7. Copy the file "server.crt" using SCP into /usr/local/resin/keys/
8. Follow the link on the email from the CA server, to create the Root CA chain, and save it as “ca-bundle.crt” (Note: The file must be PEM (base64) encoded).
9. Copy the file "ca-bundle.crt" using SCP into /usr/local/resin/keys/
10. Edit using VI, the file /usr/local/resin/conf/resin.xml and replace the section bellow from:
<!-- SSL port configuration: -->
<http address="*" port="8443">
<jsse-ssl self-signed-certificate-name="resin@localhost"/>
<http address="Server_DNS_Name" port="443">

Note: Replace “my-password” with the password for the “server.key” file.
11. Restart the Resin services:
/etc/init.d/resin restart
12. Backup the file /usr/local/resin/keys/server.key

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Monday, August 9, 2010

Hardening guide for Resin Professional 4.0.8 on RHEL 5.4

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Link to the same post in the new blog: Hardening guide for Resin Professional 4.0.8 on RHEL 5.4

• JDK 1.6 source file
• Resin Professional 4.0.8 source file

Installation phase
1. Login to the server using Root account.
2. Create a new account:
groupadd resin
useradd -g resin -d /home/resin -s /bin/bash resin
3. Create folder for the web content:
mkdir -p /www
4. Updating Ownership and Permissions on the web content folder:
chown -R root /www
chmod -R 775 /www
5. Copy JDK 1.6 into /tmp
6. Change the permissions on the JDK 1.6:
chmod +x /tmp/jdk-6u20-linux-i586-rpm.bin
7. Run the command bellow to install JDK 1.6:
8. Remove the JDK 1.6 source files:
rm -f /tmp/jdk-6u20-linux-i586-rpm.bin
rm -f /usr/java/jdk1.6.0_20/
rm -rf /usr/java/jdk1.6.0_20/demo
rm -rf /usr/java/jdk1.6.0_20/sample
rm -rf /opt/sun/javadb/demo
rm -rf /opt/sun/javadb/docs
9. Before compiling the Resin environment, install the following RPM from the RHEL DVD:
rpm -ivh kernel-headers-2.6.18-164.el5.i386.rpm
rpm -ivh glibc-headers-2.5-42.i386.rpm
rpm -ivh glibc-devel-2.5-42.i386.rpm
rpm -ivh gmp-4.1.4-10.el5.i386.rpm
rpm -ivh libgomp-4.4.0-6.el5.i386.rpm
rpm -ivh gcc-4.1.2-46.el5.i386.rpm
rpm -ivh pcre-devel-6.6-2.el5_1.7.i386.rpm
rpm -ivh e2fsprogs-devel-1.39-23.el5.i386.rpm
rpm -ivh keyutils-libs-devel-1.2-1.el5.i386.rpm
rpm -ivh libsepol-devel-1.15.2-2.el5.i386.rpm
rpm -ivh libselinux-devel-1.33.4-5.5.el5.i386.rpm
rpm -ivh krb5-devel-1.6.1-36.el5.i386.rpm
rpm -ivh zlib-devel-1.2.3-3.i386.rpm
rpm -ivh openssl-devel-0.9.8e-12.el5.i386.rpm

10. Copy the Resin 4.0.8 source file using PSCP (or SCP) into /tmp
11. Move to /tmp
cd /tmp
12. Extract the resin-pro-4.0.8.tar.gz file:
tar -zxvf resin-pro-4.0.8.tar.gz
13. Move to the Resin 4.0.8 source folder:
cd /tmp/resin-pro-4.0.8
14. Run the commands bellow to compile the Resin 4.0.8 environment:
./configure --with-resin-conf=/usr/local/resin/conf --with-resin-root=/www --with-resin-log=/var/log/resin --enable-ssl --with-java-home=/usr/java/jdk1.6.0_20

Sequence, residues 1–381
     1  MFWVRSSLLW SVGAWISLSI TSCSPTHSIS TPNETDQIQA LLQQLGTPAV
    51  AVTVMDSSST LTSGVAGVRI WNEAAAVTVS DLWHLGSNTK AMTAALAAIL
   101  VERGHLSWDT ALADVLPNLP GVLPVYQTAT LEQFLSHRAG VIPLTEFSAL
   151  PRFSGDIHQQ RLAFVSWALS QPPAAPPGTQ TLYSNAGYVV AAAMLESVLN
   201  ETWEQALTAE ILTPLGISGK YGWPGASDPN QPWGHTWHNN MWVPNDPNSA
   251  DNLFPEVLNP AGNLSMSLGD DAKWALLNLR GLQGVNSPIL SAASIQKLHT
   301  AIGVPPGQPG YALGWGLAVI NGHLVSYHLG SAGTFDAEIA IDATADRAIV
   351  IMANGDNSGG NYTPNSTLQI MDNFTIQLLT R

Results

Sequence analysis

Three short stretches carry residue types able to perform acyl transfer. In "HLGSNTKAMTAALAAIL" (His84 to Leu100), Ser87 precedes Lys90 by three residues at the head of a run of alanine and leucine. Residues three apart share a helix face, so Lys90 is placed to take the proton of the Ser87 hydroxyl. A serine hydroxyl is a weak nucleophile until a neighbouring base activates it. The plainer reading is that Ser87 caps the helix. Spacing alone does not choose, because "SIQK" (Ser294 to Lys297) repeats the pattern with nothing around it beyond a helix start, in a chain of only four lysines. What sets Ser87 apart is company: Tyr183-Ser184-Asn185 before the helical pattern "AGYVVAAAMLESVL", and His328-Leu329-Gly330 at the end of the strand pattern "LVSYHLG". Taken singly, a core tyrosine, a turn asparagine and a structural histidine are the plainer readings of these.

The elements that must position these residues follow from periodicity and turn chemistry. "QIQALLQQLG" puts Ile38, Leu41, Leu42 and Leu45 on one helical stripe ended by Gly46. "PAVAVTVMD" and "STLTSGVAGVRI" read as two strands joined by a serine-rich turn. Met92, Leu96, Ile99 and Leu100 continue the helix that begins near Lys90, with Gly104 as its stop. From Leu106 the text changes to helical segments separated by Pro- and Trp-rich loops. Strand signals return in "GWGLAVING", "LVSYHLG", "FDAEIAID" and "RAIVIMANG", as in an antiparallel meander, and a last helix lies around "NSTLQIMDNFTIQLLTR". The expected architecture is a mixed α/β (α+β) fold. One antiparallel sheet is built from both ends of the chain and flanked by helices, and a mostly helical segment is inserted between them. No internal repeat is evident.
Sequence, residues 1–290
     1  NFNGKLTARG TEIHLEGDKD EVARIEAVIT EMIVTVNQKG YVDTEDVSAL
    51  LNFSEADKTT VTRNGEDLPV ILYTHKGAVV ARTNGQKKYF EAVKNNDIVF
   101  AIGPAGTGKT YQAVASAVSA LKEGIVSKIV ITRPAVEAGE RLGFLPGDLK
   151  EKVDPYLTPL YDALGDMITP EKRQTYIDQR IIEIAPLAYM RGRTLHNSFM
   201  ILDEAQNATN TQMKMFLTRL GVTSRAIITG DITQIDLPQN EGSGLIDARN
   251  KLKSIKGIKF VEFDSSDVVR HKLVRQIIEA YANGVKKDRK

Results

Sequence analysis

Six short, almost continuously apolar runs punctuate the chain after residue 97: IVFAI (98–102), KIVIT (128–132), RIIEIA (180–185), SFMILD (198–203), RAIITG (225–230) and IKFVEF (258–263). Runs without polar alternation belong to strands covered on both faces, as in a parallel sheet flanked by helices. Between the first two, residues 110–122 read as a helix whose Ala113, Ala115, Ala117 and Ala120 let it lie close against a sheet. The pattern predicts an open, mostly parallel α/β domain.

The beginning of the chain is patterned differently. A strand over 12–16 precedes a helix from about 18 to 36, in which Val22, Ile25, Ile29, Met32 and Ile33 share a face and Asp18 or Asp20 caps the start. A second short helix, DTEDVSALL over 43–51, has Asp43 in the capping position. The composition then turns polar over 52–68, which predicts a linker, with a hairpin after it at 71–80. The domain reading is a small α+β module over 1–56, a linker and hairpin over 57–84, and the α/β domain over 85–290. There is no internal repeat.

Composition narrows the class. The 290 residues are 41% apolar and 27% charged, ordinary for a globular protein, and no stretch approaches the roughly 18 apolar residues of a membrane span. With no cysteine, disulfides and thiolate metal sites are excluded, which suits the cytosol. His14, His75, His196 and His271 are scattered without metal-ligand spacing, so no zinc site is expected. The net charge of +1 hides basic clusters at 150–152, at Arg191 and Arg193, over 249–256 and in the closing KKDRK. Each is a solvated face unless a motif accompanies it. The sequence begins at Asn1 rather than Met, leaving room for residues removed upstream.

Note: The command above should be written as one line.


make install
15. Edit using VI, the file /usr/local/resin/conf/resin.xml and change the string bellow:
<resin:if test="${resin.userName == 'root'}">
<resin:if test="${resin.userName == 'resin'}">



<server id="" address="" port="6800">
<server id="" address="Server_DNS_Name" port="6800">

<http address="*" port="8080"/>
<http address="Server_DNS_Name" port="8080"/>


<host id="" root-directory=".">
<host id="Server_DNS_Name" root-directory="/www">


<resin:set var="resin_admin_external" value="false"/>
<resin:set var="resin_admin_external" value="true"/>
16. Change the ownership on the folder bellow:
chown resin:root -R /www/*
17. Manually start the Resin service:
/usr/local/resin/bin/ start -root-directory /www --log-directory /var/log/resin
18. Manually stop the Resin service:
/usr/local/resin/bin/ stop
19. Copy the Resin license file into /usr/local/resin/licenses
20. Change the ownership and permissions on the folders bellow:
chmod 664 -R /www/watchdog-data/
chmod 777 /www/watchdog-data/default/
chown resin:root -R /www/watchdog-data/*
21. Remove the Resin 4.0.8 source folder:
rm -rf /tmp/resin-pro-4.0.8
22. Remove default documents:
rm -rf /www/doc/resin-doc
23. To start Resin service at server start-up, run the commands bellow:
chkconfig --add resin
chkconfig resin on
/etc/init.d/resin start
24. From a client machine, open an internet browser and login to the address:
25. Enter a username and password in the lower half of the page, then click "Create Configuration File". The recommended username is "admin".
26. Rename the admin-users.xml file:
mv /usr/local/resin/conf/admin-users.xml.generated /usr/local/resin/conf/admin-users.xml
27. Browse back to http://Server_DNS_Name:8080/resin-admin/. The change you made should force Resin to restart and return a 503 error. Just hit refresh in a few moments to bring up the page again.